The new movie "Cedar Rapids" is about a naive Midwesterner whose life changes when he is sent to Iowa for an insurance convention. The movie, which opens in Minnesota this weekend, is actually the result of a real life-changing experience on a couch in Minneapolis.
Phil Johnston used to work for KARE-TV in the Twin Cities as a journalist. He might still work there had it not been for one pivotal night.
"I was sitting with my wife watching TV in Uptown, 1999, and I said, 'If I am doing this in 10 years I just don't think I am going to like myself. The stories I want to tell are really not news stories,'" he said.
And that's when Phil Johnston decided to follow his passion, which was movies, and apply to film school.
"We up and moved to New York three weeks before Sept. 11, 2001, and started film school on the 10th I think," he said. "And so life in every conceivable way has changed for me since my days at KARE."
And again, that might have been that, because many people dream of a career in the film business, but not many make it. However it turned out that not only could Phil Johnston write, he had an eye for talent. He pitched a comedy to a then relatively unknown actor called Ed Helms, who was working on "The Office." He liked Johnston's idea and signed on.
"Then 'The Hangover' came out, and Ed was now an international star, and so all of these things just sort of snowballed and here were are," he said.
Cedar Rapids is the story of Tim Lippe, an insurance agent living in small town Wisconsin.
He's so wet behind the ears that when circumstances lead to him being sent to a regional conference in Cedar Rapids, Iowa, it's the trip of his lifetime.
He's never flown before, and he's so excited to stay in a hotel he narrates his arrival down his cellphone to his girlfriend.
"I just did the whole check-in rigamarole, and I'm on my way to my room, " he says.
"I was sitting with my wife watching TV in Uptown, 1999, and I said 'If I am doing this in 10 years I just don't think I am going to like myself. The stories I want to tell are really not news stories.'"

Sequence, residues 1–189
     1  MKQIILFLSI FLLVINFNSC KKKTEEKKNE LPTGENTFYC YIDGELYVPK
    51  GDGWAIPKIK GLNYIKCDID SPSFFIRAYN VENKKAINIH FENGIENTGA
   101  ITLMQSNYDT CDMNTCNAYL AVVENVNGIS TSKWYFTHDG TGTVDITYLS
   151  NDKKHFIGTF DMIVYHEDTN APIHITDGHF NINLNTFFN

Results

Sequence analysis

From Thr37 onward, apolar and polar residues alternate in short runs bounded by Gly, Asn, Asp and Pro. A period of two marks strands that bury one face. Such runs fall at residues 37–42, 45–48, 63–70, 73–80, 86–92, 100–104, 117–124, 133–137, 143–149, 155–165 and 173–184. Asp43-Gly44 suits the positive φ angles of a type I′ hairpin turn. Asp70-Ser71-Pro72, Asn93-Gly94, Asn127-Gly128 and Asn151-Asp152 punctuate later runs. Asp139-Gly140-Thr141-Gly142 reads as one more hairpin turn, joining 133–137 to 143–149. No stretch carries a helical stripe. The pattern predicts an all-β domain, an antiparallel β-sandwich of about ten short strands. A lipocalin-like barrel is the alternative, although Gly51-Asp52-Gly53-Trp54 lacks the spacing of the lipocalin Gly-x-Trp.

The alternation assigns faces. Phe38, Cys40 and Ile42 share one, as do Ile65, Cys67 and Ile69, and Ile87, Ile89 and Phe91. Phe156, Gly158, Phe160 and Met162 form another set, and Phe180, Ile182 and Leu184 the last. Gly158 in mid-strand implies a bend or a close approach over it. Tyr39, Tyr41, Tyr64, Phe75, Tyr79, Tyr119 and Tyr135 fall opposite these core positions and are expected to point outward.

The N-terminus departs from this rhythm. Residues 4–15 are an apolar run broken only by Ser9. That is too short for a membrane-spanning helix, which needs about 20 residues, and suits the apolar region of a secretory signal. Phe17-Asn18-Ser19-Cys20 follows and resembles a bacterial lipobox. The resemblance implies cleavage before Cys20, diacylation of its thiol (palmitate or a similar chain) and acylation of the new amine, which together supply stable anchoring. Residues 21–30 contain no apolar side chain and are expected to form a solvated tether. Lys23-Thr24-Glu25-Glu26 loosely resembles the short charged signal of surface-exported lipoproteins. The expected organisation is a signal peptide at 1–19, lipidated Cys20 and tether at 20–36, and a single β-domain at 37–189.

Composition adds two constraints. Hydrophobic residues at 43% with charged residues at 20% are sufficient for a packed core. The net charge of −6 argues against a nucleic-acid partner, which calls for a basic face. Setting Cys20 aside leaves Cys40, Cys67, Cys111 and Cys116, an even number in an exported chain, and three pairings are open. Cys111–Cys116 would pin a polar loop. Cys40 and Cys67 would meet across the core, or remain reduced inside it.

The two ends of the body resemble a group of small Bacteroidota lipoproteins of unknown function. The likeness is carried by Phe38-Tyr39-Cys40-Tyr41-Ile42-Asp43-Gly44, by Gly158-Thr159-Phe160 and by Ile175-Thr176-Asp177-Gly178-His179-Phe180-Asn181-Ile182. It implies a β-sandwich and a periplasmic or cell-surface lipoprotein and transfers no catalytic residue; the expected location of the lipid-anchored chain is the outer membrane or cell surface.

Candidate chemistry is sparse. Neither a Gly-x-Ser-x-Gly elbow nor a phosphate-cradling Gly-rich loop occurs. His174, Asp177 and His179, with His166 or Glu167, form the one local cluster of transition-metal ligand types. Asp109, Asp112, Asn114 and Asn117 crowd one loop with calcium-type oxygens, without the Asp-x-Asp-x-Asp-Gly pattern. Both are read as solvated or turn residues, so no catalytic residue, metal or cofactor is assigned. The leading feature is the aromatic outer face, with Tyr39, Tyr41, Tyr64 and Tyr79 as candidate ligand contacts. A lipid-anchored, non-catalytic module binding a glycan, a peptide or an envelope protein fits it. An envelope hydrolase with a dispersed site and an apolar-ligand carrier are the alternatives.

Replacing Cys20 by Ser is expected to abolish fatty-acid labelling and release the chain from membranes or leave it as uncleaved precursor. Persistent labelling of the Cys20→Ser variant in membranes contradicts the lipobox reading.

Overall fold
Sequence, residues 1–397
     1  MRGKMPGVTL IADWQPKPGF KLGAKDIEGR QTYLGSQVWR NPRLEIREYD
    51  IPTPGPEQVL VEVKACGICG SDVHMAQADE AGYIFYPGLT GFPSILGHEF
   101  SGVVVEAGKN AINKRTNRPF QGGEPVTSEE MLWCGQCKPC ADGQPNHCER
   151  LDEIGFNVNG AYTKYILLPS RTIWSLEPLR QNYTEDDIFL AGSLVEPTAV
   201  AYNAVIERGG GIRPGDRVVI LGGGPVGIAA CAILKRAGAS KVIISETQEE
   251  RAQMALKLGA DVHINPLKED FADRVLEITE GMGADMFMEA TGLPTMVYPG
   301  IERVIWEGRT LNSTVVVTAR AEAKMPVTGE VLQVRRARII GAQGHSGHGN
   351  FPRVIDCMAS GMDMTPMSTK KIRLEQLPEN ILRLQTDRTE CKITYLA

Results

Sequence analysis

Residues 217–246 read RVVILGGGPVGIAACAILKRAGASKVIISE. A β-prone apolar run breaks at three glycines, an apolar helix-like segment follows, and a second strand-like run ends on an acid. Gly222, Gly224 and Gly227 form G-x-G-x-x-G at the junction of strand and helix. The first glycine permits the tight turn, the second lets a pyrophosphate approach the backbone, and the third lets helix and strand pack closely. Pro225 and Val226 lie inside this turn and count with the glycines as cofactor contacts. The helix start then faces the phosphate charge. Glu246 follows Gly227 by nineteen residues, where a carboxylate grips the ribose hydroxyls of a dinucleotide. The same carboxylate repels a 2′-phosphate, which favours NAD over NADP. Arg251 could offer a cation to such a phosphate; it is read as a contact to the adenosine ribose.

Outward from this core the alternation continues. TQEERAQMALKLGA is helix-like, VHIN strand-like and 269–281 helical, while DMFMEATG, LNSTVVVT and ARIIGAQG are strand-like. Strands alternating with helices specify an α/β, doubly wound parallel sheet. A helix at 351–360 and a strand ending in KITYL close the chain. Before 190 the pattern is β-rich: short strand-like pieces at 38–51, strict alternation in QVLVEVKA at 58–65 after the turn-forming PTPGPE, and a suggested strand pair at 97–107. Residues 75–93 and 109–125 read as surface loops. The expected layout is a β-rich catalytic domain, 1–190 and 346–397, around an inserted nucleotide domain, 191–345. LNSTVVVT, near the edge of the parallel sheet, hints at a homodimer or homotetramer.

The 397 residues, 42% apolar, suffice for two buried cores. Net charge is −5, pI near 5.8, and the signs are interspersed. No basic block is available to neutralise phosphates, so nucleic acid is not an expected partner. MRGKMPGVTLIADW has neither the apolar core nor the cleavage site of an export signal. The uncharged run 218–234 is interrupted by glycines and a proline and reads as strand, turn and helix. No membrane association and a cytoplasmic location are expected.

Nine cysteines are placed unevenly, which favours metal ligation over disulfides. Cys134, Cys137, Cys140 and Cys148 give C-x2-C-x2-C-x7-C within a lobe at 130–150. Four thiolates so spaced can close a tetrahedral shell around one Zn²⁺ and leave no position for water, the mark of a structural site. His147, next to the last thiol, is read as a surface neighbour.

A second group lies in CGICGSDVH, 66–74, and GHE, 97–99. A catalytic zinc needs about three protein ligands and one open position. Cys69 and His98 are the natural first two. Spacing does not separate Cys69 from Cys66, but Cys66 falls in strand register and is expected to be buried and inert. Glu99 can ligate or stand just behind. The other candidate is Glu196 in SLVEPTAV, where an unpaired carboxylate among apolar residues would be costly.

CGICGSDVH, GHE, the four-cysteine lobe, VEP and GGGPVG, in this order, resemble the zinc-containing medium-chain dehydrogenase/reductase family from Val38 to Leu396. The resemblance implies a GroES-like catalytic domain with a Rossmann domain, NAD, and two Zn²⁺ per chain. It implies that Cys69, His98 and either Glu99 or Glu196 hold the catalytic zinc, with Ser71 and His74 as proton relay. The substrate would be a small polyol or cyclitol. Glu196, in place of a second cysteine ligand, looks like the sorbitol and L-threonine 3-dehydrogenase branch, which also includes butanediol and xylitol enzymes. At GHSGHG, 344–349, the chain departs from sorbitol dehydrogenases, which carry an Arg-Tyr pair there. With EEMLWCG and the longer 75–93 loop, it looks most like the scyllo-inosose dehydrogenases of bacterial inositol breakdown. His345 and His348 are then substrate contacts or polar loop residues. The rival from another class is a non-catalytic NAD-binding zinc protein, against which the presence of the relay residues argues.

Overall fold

"Have you seen the pool yet?" she asks.
"Yeah, it's incredible. I mean there's like palm trees and stuff, and the whole place smells of chlorine. It's like I'm in Barbados or somewhere."
Tim learns the hard way that sometimes business and life are not entirely fair, and Johnston says often things are not what they seem.
"It's about a guy who sells insurance who learns that the only real insurance in life is love and trust and friendship," Johnston says.
"It's a little subversive too, in it's own way" says Jim Burke, another Minneapolitan, who worked as a producer on "Cedar Rapids" in partnership with director/producer Alexander Payne. Payne created such indie favorites as "Election," "Sideways" and "About Schmidt."
Burke said the reason the story caught their attention, and of stars such as John C. Reilly and Anne Heche -- who also star in the film -- was Johnston's writing.
"The script was just hilarious," he said. "On the page, you can't read this without just howling with laughter."
The Midwest comes in for some real ribbing in Cedar Rapids, with small town politics, social mores, drinking and even drug taking all playing into the plot, but Burke insists it's done without condescension.
"This is where we are from," he said. "We wanted to make a funny movie, but we also wanted to honor where we are from, too," he said. "I've seen so may movies that are set in other places, but not that many that accurately portray the Midwest."
Movie critic Roger Ebert recently compared "Cedar Rapids" to the Coen Brother's "Fargo" at least in the way it portrayed the people from small towns. He then stressed Cedar Rapids is much more of a madcap comedy.
The film opened before a packed house at the Sundance Festival in January. For Phil Johnston it was surreal.
"When you are sitting in a theater with 1,200 people who are laughing, it's a little but surreal, just because I spend so much of my free time going to the movies, and then all of a sudden I'm at the movies, but -- oh wait, that's right. I wrote this one!" he said. "But at the same time it was sort of like just being at the movies, because I really enjoy this movie. I like watching it."
It seems likely Johnston will get to repeat that experience. He's working on several projects.
One is a film called "Reply All," about a man who disastrously hits the wrong email key on the night before his wedding, and has to deal with the unfortunate consequences.
Awkwardness, he said he's learned, is comedy gold.